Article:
Restaurant Review: Aqua Shard
C&TH headed to Aqua Shard to try its new Forgotten British Dishes menu
Great views and food that ticks all the right boxes: even after lockdown and with Covid-19 precautions in place, Aqua Shard still manages to impress
Forgotten British Dishes at Aqua Shard
You never have to drag me to Aqua Shard. Situated as it is 31 storeys up, with arguably the best – and most panoramic – views over London, elegant, understated décor and friendly staff, it’s always a treat to visit. Which is why it was rather an easy decision to make it the first restaurant I visited after lockdown ended.
With my mask firmly in place and my fingers pruned up with liquid hand sanitiser, I was ushered through the Shard’s usual security – no queue this time, though – and shown the (empty) elevator to the 31st floor. The reassuring sense of normality continued into Aqua Shard restaurant, where one of the only visible new adjustments was the masked-up servers – although I’m sure there have been plenty behind the scenes. It also felt like Aqua Shard has got the balance just right between cautious and convivial: on this Thursday evening the tables were bustling with enough people to create an atmosphere, but without the space feeling overcrowded.
Another new addition is the lack of physical menus; instead, you scan a QR code with the camera on your phone, taking you to an online version. I chose to try the brand new Forgotten British Dishes menu, a collaboration between veteran food journalist Matthew Fort, and Anthony Garlando, Aqua Shard’s Executive Chef. Fort spent months researching forgotten British culinary masterpieces, decoding handwritten collections he stumbled across or inherited from relatives and friends. Garlando and his talented team then took these fascinating historic recipes, reinterpreting them with a contemporary twist.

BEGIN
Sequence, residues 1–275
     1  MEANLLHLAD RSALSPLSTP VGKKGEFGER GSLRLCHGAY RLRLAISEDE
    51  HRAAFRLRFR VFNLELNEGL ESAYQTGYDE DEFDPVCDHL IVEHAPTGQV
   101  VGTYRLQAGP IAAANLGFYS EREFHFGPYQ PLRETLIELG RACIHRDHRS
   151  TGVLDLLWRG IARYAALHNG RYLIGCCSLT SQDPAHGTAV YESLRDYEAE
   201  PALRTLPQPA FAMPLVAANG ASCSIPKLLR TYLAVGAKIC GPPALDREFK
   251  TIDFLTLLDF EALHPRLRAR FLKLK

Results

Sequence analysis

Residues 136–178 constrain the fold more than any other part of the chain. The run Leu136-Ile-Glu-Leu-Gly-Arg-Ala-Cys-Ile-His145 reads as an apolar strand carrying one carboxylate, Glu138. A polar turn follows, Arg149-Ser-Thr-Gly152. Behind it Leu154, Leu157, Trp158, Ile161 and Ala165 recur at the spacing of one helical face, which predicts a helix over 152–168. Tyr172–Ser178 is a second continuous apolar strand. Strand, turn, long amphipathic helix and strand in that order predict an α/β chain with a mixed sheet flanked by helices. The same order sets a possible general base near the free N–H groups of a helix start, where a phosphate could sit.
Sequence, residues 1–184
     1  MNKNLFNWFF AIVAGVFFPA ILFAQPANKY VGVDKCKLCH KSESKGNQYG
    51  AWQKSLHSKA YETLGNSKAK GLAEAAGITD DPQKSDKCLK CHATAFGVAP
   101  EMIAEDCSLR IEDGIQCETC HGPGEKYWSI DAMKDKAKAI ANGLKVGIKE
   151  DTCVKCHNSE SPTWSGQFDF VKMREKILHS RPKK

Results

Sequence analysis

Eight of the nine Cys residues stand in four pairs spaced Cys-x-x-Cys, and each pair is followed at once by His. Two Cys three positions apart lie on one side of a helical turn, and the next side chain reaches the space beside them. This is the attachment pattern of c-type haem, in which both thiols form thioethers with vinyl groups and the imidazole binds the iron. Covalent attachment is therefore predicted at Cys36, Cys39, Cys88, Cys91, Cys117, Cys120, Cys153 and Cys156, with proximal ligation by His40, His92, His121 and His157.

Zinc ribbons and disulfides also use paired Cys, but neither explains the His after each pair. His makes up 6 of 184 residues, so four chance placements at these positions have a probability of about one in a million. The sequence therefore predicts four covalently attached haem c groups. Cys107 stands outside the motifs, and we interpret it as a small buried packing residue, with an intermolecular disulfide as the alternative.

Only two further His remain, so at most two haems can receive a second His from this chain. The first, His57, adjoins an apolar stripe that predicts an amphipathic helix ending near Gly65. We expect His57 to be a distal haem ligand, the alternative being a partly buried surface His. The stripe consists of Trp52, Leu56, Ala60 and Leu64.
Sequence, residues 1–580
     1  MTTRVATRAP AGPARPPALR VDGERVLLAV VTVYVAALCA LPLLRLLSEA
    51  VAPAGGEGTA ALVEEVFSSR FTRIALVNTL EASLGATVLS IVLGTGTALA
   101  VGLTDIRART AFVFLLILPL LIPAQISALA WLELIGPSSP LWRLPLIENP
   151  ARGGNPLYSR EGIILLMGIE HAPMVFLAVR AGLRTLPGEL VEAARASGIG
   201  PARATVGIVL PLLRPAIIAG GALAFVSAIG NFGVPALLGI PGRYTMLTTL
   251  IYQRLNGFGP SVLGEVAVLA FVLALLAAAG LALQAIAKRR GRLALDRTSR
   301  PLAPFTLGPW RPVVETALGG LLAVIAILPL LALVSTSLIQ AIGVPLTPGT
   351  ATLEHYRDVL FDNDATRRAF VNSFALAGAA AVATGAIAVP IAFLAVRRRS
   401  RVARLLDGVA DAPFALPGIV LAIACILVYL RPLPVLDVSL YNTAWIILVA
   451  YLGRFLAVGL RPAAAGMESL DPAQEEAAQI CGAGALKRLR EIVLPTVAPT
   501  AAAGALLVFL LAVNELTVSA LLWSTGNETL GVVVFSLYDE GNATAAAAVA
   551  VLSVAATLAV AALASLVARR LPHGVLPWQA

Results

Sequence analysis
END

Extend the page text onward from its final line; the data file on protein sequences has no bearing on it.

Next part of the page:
The result is an intriguing menu of dishes like venison hash, adapted from The London Art of Cookery by John Farley (1753) and Cornish saffron bread and butter pudding, from The Cooks and Confectioners Dictionary; or The Accomplish’d Housewives Companion by John Nott (1723). It all comes accompanied by English wines expertly paired by Aqua Shard’s chief sommelier.
To start, there was salt duck, taken from The First Principles of Good Cookery by Lady Llanover (1867), in which Garlando explores salting as a traditional means of preserving and cooking meat. Succulent and tender, it melted in the mouth and was accompanied by a twang of Herefordshire goat’s curd. Next came the indulgent, buttery lobster with Yorkshire mustard, based on a recipe from Fort’s own mother. Garlando in turn lightened the dish by introducing lemon to the sauce and cooking the lobster in Earl Grey tea. Finally, there was a Windermere tart, a dessert that originated in Mrs Squarey’s Cookbook (1886) – the author was a distant relative of Fort’s. The revisited version is a mix of tart berries and crisp pastry, accompanied by palate-cleansing coconut ice-cream.
All in all, Aqua Shard’s Forgotten British Dishes menu is a triumph of both skill and curiosity, and a fascinating deep dive into an almost-forgotten culinary history. Combined with Aqua Shard’s care and attention in the face of a very modern adversity, and those amazing views – it was the best sunset I’ve seen all summer – and you’ve got yourself a winner.
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